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HTM Darrel Ralph AXD 5.5 Folding Knife adds big and bold attitude to everyday carry!

It is one of those “payoff” scenes for which action movie audiences fork over the price of admission: After mercilessly beating an entire pick-up basketball team, tough-guy favorite Jason Statham stands over his fallen enemy and drops a basketball on the man’s chest. Statham is there to avenge his girlfriend, played by Charisma Carpenter. The fallen ne’er-do-well has hit Ms. Carpenter’s character before breaking up with her, and now Statham has come to seek action-movie justice. The massive tanto blade snaps open as if by magic, held briefly in frame so the audience can get a good look at it. Then Statham reverses it and plunges it deeply into… the basketball. “Next time,” he rasps, “I’ll deflate all your balls…friend.”

This is exactly the kind of scene-chewing tough-guy talk that action audiences love, and the formula with which it is applied has resurrected what was, arguably, a flagging career for Sylvester Stallone. After 1990, Stallone’s Hollywood credit fell to a low ebb, with such notable bombs as Stop! Or My Mom Will Shoot. While he still managed to turn in several high-profile works that were arguably good (Stallone’s Cliffhanger marked one of the first big-budget Hollywood films in which a Spyderco knife was featured), drab or misunderstood films like The Specialist, spectacles like Judge Dredd, and obscure thrillers like Eye See You did Stallone’s box-office bank no favors.

Then something changed. In 2006 and 2008, Stallone went back to the wells of two of his best-selling properties, the Rocky and Rambo franchises. Trading on his aging appearance and building his scripts on a laundry list of things his fans actually wanted, Stallone gave them first a touching, uplifting installment in the Rocky saga with Rocky Balboa (salving the depressing tale that was Rocky V). Then he upped the violence to an extreme degree for Rambo, shooting and stabbing his way through legions of enemies whose blood supplies appeared to be under pressure. Enemies in Rambo don’t die so much as they explode, spraying blood everywhere in an orgy of stylized war.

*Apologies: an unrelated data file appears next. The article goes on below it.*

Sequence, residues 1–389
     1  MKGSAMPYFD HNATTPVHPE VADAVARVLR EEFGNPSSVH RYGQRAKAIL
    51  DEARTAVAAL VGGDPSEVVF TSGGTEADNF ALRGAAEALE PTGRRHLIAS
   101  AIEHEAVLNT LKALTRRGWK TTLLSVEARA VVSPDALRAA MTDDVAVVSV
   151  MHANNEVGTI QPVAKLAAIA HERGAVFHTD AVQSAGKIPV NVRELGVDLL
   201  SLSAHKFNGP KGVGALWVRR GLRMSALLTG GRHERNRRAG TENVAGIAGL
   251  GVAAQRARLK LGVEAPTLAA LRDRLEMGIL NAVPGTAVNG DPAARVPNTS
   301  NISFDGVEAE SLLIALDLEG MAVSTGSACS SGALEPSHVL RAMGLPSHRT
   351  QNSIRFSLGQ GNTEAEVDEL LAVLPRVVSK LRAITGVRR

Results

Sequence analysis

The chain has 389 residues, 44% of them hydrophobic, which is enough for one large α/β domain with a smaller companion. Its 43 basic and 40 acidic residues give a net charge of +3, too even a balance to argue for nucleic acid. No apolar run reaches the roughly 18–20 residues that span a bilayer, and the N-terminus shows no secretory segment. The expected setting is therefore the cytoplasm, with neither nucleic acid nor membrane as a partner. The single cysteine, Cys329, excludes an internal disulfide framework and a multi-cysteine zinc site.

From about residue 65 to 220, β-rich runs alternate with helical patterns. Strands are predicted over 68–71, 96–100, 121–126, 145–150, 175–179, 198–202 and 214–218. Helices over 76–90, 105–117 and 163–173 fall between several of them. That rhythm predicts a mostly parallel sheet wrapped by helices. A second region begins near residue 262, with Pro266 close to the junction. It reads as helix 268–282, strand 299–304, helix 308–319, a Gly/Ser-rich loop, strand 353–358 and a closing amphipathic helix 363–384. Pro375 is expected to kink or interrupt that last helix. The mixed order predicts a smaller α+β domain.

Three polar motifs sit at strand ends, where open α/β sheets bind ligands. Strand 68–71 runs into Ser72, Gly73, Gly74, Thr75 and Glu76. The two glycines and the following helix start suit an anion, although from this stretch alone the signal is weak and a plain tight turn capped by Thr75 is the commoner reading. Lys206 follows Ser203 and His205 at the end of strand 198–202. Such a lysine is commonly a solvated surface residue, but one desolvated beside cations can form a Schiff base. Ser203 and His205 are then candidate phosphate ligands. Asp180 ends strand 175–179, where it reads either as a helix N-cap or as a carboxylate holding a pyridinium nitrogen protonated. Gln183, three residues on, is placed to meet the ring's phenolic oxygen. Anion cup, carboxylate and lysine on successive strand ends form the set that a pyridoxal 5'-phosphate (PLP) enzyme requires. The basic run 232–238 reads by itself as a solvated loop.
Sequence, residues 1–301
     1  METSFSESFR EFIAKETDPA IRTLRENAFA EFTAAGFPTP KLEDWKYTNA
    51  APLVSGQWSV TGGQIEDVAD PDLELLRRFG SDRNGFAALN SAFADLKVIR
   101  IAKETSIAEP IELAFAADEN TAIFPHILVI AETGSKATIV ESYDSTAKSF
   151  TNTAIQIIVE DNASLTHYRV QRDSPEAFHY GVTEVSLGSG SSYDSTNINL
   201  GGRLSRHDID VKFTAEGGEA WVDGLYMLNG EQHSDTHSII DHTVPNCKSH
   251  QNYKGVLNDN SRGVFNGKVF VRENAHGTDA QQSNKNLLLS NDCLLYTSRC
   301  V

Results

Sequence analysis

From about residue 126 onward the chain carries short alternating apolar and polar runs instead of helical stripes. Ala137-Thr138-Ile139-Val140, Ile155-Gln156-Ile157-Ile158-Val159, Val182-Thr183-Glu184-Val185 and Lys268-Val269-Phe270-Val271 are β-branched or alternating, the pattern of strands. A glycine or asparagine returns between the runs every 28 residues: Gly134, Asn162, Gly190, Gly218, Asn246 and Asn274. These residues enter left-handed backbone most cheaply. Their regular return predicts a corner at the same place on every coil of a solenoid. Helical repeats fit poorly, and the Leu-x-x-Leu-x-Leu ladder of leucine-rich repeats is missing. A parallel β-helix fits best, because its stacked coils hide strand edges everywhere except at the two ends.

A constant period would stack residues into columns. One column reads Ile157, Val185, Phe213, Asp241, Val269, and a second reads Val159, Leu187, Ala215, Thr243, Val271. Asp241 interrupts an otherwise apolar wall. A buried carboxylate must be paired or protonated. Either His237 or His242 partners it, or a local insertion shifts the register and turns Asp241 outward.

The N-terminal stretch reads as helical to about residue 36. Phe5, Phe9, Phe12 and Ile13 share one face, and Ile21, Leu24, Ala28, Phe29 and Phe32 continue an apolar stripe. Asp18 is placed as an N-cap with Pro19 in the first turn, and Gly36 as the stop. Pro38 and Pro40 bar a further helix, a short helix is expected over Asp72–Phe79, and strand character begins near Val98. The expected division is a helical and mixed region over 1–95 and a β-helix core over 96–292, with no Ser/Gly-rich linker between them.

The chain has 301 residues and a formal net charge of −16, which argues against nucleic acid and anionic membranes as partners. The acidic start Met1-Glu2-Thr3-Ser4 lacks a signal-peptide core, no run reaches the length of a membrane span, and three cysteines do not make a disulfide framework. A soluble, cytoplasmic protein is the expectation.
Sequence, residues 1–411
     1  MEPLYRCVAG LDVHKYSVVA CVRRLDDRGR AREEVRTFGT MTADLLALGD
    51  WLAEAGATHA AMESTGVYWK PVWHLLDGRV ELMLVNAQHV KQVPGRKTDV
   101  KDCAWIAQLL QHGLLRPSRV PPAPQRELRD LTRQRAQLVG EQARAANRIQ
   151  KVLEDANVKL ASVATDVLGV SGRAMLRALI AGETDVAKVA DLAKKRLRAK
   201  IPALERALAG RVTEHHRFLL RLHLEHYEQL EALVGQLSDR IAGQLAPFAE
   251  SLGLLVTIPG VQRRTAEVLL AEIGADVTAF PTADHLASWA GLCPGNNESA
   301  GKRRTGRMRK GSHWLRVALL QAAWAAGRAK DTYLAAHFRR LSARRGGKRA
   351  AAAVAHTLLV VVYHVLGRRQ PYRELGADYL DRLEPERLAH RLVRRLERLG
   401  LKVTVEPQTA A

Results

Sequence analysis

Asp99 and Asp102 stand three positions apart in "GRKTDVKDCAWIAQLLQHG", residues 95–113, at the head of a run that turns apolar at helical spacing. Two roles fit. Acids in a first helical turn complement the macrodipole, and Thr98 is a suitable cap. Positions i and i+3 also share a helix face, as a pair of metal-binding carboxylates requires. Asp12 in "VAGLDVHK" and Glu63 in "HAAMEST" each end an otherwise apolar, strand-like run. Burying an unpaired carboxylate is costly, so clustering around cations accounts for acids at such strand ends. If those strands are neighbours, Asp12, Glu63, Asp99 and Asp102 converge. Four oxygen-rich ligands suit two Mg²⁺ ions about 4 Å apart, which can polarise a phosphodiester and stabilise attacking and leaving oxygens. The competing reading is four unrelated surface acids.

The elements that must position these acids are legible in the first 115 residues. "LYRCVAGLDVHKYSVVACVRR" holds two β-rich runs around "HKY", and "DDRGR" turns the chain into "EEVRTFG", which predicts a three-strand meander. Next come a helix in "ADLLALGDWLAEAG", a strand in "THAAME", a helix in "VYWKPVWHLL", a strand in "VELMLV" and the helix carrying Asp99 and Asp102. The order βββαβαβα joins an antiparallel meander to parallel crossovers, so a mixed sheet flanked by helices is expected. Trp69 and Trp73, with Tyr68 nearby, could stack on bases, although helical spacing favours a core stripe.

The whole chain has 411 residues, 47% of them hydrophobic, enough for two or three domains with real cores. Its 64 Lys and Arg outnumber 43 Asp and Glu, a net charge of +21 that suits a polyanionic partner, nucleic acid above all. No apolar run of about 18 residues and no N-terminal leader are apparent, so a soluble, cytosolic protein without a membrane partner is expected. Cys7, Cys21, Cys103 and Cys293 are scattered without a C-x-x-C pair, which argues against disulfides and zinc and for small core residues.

Silver Screen Blades
Fans loved it, and Stallone was quick to pick up on the formula that would lead to two Expendables (Click Here to view AXD 5.5 on HTM Knives) movies (with a third on the way). If giving fans what they wanted made Rocky Balboa and Rambo successes, taking that audience a step further would surely produce another bankable property. Stallone, therefore, did just that, putting as many famous action-movie stars as possible in the same movie. The Expendables is the only cinematic property that boasts Stallone, Arnold Schwarzenegger, Bruce Willis, Chuck Norris, Jean-Claude Van Damme, Jet Li, Dolph Lundgren and a variety of others in the same film. Through the years, Stallone has made no secret of his love for knives. He is a longtime friend and patron of Gil Hibben, among others, and knives (often designed specifically for the movie) are used prominently throughout his action films. Stallone and the Rambo franchise are arguably responsible for the popularity of hollow-handle survival knives through the 1980s. His 1993 film Cliffhanger probably inspired more than one viewer to purchase a Spyderco folder (the knife figures prominently in the action). Fans of his more recent movies have a plethora of licensed merchandise to choose from. They can purchase replicas of everything from Rambo’s handmade machete-style knife to the massive short sword-like Bowie carried by Dolph Lundgren in The Expendables. And then, of course, there is Jason Statham’s enormous folding knife.

The release of the first Expendables film prompted a flurry of discussion in online knife sites. What was the knife carried by Jason Statham, the one used to stab the basketball? Fans noted its clean lines, its intimidating size and the speedy deployment of its blade. It did not take long for word to spread that this is Darrel Ralph’s AXD 5.5 model.

AXD 5.5 Details